Do not rig Edo election
The much awaited Governorship election in Edo state will hold on Saturday 19th September, 2020. We are worried that the election, if not properly managed, would be marred by heavy gun fire, late arrival of voting materials, killings, reports of ballot box snatching, technology failures, results manipulation and even violence as recently witnessed in other states. Nobody should rig the election for whatever reason. State and non-state actors, political parties and youths of Edo state must comply with electoral guidelines.
As a democratic principle, elections make a fundamental contribution to good governance. Elections enable voters to select leaders and to hold them accountable for their performance in office. Accountability can be undermined when elected leaders do not care whether they are re-elected or when, for historical or other reasons, one party or coalition is so dominant that there is effectively no choice for voters among alternative candidates, parties, or policies.
The state’s interest is and should always be supreme over an individual’s ambition
Nevertheless, the possibility of controlling leaders by requiring them to submit to regular and periodic elections helps to solve the problem of succession in leadership and thus contributes to the continuation of democracy. Moreover, where the electoral process is competitive and forces candidates or parties to expose their records and future intentions to popular scrutiny, elections serve as forums for the discussion of public issues and facilitate the expression of public opinion.
It is in the light of the above that electorates look forward to the day of election to exercise their franchise guaranteed by the Nigerian constitution. But this inalienable right cannot be done under a tensed atmosphere. The electorate needs to be assured of his safety before going out to vote. He also must be assured that his vote would count after voting. Experiences from some states such as Imo, Rivers, Kano, Bauchi, and most recently, Kogi do not give much to cheer.
Last week, political parties and their candidates signed a peace accord in Benin City with a promise to ensure free and fair election across the State. Before then, the Oba of Benin had a meeting with candidates of the major political parties, Governor Godwin Obaseki of Peoples Democratic Party (PDP) and Pastor Osagie Ize-Iyamu of the All Progressives Congress (APC). It is common knowledge that previous peace accords at both federal and state levels were not respected. What would make the Edo episode different would be if the contending parties respect and honoured the agreement and caution their supporters.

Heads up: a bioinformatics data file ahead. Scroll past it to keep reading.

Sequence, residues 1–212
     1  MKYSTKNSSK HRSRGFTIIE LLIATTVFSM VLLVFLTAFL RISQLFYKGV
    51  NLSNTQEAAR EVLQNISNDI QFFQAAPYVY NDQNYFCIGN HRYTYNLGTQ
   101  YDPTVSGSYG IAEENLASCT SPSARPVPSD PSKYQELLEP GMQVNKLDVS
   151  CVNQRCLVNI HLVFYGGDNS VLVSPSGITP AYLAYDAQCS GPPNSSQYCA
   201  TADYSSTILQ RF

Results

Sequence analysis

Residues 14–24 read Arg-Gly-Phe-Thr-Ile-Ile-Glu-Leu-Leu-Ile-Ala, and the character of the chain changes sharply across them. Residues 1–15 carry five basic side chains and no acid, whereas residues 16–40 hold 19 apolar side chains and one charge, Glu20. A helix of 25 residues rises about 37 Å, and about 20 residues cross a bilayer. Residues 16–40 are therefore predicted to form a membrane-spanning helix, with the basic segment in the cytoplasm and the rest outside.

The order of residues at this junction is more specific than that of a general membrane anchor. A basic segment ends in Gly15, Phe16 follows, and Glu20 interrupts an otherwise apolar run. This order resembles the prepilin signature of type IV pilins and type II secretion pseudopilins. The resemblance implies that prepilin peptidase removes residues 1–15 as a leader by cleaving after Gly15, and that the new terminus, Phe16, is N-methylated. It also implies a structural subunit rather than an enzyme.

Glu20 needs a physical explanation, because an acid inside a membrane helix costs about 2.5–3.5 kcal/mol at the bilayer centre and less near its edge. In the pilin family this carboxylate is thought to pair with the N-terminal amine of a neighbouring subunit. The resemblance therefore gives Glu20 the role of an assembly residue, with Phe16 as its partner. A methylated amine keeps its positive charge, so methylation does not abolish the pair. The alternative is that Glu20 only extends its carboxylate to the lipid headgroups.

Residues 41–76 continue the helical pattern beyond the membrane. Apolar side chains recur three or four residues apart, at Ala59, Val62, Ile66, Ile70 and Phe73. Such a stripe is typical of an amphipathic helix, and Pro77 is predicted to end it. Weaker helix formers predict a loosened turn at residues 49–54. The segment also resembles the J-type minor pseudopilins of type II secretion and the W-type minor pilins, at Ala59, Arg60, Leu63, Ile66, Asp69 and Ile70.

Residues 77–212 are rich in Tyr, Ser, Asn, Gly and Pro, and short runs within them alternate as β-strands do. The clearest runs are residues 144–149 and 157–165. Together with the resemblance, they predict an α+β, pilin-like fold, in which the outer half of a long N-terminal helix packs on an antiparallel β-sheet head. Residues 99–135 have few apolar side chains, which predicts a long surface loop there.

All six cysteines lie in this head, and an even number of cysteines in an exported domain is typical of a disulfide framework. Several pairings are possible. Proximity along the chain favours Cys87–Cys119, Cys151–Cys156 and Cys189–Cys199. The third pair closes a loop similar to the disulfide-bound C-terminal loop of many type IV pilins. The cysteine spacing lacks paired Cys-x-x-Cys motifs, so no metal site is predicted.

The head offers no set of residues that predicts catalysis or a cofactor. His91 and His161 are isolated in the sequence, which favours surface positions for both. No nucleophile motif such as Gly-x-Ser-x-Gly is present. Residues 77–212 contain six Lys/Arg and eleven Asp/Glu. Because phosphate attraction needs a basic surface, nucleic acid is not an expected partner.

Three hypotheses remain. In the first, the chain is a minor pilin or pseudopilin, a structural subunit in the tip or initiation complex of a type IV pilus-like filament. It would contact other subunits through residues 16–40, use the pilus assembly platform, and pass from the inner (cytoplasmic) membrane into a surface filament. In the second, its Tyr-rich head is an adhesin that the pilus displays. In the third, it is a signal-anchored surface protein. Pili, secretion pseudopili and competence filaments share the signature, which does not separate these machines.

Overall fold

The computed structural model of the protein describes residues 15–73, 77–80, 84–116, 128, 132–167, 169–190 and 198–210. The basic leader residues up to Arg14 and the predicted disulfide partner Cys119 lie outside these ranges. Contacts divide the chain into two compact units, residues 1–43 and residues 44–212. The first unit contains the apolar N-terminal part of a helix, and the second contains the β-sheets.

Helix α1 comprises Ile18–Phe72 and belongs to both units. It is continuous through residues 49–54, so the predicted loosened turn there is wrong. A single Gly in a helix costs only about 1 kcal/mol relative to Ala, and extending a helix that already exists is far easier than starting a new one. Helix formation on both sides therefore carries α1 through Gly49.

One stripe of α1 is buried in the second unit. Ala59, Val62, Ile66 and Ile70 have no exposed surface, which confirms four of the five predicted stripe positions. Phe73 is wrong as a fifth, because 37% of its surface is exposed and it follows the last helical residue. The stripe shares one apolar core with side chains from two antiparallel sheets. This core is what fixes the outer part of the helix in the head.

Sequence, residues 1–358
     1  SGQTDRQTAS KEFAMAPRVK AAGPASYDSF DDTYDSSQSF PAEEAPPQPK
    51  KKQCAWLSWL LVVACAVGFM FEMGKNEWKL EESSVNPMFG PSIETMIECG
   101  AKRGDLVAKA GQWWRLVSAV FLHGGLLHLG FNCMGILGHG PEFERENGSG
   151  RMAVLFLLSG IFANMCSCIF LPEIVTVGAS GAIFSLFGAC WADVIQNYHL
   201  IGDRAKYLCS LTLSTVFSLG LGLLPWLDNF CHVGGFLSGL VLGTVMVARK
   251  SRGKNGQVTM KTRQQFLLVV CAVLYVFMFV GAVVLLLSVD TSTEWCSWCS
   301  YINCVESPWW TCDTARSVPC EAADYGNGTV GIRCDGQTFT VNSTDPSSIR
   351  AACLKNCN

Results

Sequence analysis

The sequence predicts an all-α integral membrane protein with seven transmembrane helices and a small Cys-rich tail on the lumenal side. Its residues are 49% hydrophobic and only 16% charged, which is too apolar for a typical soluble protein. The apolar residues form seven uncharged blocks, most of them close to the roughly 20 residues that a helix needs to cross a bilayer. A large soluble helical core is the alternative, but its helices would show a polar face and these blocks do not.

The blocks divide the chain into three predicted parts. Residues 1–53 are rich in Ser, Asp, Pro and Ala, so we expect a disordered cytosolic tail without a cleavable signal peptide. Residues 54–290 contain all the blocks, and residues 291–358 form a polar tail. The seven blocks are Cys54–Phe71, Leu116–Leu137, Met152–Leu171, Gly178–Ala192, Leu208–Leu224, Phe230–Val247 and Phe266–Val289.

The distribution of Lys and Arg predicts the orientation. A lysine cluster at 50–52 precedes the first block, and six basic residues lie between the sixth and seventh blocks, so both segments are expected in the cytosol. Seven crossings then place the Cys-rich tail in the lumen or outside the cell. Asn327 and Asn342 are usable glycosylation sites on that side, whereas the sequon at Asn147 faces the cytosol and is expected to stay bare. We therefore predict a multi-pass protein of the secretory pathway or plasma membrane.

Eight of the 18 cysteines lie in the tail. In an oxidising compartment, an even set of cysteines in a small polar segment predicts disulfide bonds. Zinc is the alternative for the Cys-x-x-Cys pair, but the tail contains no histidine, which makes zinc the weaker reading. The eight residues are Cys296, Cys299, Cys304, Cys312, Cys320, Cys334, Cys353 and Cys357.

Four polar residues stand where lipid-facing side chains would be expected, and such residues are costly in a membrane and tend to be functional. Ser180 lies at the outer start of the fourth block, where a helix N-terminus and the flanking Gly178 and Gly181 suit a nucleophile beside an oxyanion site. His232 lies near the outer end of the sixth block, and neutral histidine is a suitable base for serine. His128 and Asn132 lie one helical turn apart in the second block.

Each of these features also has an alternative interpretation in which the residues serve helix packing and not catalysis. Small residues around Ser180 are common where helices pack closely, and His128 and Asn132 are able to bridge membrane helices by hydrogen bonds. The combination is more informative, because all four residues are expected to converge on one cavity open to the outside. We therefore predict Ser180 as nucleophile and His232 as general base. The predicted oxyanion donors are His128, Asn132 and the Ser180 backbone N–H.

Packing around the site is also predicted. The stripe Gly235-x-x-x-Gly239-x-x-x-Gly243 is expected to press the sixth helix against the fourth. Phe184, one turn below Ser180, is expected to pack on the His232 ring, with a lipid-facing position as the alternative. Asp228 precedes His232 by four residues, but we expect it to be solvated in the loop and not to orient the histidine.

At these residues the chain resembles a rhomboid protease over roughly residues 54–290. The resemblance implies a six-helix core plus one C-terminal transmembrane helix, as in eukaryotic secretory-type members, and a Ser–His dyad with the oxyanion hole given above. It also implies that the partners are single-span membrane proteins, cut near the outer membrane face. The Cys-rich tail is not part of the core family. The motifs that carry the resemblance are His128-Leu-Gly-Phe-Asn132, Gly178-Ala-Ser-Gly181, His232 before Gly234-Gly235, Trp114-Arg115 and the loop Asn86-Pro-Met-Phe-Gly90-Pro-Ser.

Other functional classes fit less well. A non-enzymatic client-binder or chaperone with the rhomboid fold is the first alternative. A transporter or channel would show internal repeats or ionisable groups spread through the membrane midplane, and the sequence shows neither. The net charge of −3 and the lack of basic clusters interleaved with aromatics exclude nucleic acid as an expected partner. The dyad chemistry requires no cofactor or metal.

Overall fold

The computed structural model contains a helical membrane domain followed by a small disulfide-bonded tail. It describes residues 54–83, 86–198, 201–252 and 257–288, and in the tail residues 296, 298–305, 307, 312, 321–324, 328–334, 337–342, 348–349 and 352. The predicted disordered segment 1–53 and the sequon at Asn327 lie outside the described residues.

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While we have confidence that the electoral umpire, INEC, will conduct a free, fair and credible election, however, the perception with the public is that the election will be manipulated. Sadly, this has become the common rhetoric in the state with insinuations that it doesn’t matter what happens in the polling units, that the federal might would be deployed to ensure the election is rigged. Whether true or false, that perception has been reinforced by both the calibre of people leading the campaign in the state, their utterances as well the huge deployment of soldiers across Edo state. Why would a governor from another state come to Edo with a full complement of soldiers? Many families in Rivers and Kogi States are still mourning their loved ones who died from gunshots during the 2019 general elections. Actions such these instill fear in the electorates and may if not carefully managed, affect voter turnout on the day of election. INEC must come out very clearly to prove that it is truly independent by addressing these and other contending issues.
The campaigns witnessed pockets of violence and attacks. President Muhammadu Buhari must provide adequate security for the citizens and ensure there is no form of violence during and after the election.
INEC alone cannot resolve all the challenges facing the electoral and political system. A lot will depend on the collaboration and support of other key stakeholders in the electoral process, including political parties, security agencies, media, and civil society organisations. Rather unfortunately, INEC does not have control over these actors.
All those involved in the Saturday governorship election must maintain the peace, respect electoral law and the wishes of the people. While we urge the eventual winner to be magnanimous in victory, the losers should accept the fact that election is not a do or die affair. No person’s blood is worth shedding. The interest of the state and the nation is and should always be supreme over an individual’s ambition.